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Chief, Defence Staff, General Sir Charles Guthrie
Please note "BBC Breakfast with Frost" must be credited if any part of this transcript is used.

DAVID FROST:

Across the Atlantic President Bush is pressing ahead with plans for a new national missile defence system amid fears it could lead to greater nuclear proliferation by some. Here the face of the Armed Forces is changing, a new row is developing about whether women and people with disabilities should serve on the front line and so on, General Sir Charles Guthrie has been Chief of the Defence Staff for the last four years and this week he steps down, David Loyn reports.

[FILM CLIP]

DAVID FROST:

And Sir Charles is here now, Charles good morning.

CHARLES GUTHRIE:

Morning.

DAVID FROST:

Very good to have you with us, let's start with that Rapid Reaction Force and the fears about it and so on, on balance you're in favour of it?

CHARLES GUTHRIE:

Yes I am. Yes I am, but I think we're using the wrong terms, I don't call it a Rapid Reaction Force and I don't call it an Army which a lot of people do, what I do call it is a pool of forces from the European members of Nato which are there to strengthen Nato. I believe that Nato has been the most successful alliance we in the United Kingdom have ever belonged to, it worked in the Cold War, it worked in Kosovo and if we restructure it, right it's going to continue to work and we Europeans have to do more, at the moment we have two million people under arms, men and women, in Europe and when it comes to Kosovo we can only supply two per cent of those people to go there and an alliance which we have to rely on because of our very weakness cannot be right. And we have to face facts, if the Americans are going to be preoccupied in lots of things around the world which we don't want to get involved in and there'll be some things in Europe which they don't want to and I think they're going to do less, if we don't do more they're going to do much less and I talk to my opposite number, he wants to talk about Taiwan, he wants to talk about Korea, he wants to talk about Islamic Extremists, he also wants to talk about Europe. We can rely on the Americans, we must keep them really leading the Nato Alliance, we must do that because they are the key nation.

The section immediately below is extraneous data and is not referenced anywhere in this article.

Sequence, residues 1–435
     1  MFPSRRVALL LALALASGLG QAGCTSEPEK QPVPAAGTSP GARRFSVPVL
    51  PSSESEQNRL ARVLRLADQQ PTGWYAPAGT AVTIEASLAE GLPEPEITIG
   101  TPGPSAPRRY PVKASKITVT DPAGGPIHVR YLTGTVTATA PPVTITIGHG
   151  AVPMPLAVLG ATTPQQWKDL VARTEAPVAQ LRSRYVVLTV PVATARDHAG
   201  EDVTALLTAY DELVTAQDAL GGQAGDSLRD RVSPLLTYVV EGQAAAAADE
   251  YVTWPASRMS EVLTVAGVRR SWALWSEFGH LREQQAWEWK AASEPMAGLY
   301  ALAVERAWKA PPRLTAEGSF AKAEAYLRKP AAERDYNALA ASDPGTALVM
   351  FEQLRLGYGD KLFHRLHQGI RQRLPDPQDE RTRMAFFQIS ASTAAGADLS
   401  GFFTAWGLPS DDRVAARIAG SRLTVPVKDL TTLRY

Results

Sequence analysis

DAVID FROST:

But in terms of looking at, at the Rapid Reaction Force or the pool of talent or whatever we're calling it, or the European Army which has been discarded, I mean can you ever see that having a really fighting role?

CHARLES GUTHRIE:

Not in my lifetime I can't, quite honestly, the Europeans have nothing to be proud about about defence, if you look at the Americans they have 70 military dedicated satellites, the Europeans have only got six, I can go on and on about wide-bodied jets, the disparities we have between our forces, I don't think we will ever close the gap completely but I think we can do more which will be of great help to the Alliance. So therefore on balance the Chiefs of Staff think that his is in the defence and security interests of our country, it's not about being Euro-sceptical as far as we're concerned, it's not about being Europhile it's about what is right for our country.

DAVID FROST:

And there's obviously lots of disagreement on it still, I mean as we saw this week between Britain and France, I mean, we want it linked to Nato, France don't?

CHARLES GUTHRIE:

Well France certainly have a different view of what the United States influences in the world to what we do. We believe that this is there to support and strengthen Nato and if it doesn't do that we're not so interested.

DAVID FROST:

And in terms of the national missile defence, the new star wars as people say, do you have some doubt, some reservations about that, that it might be another Maginot Line?

CHARLES GUTHRIE: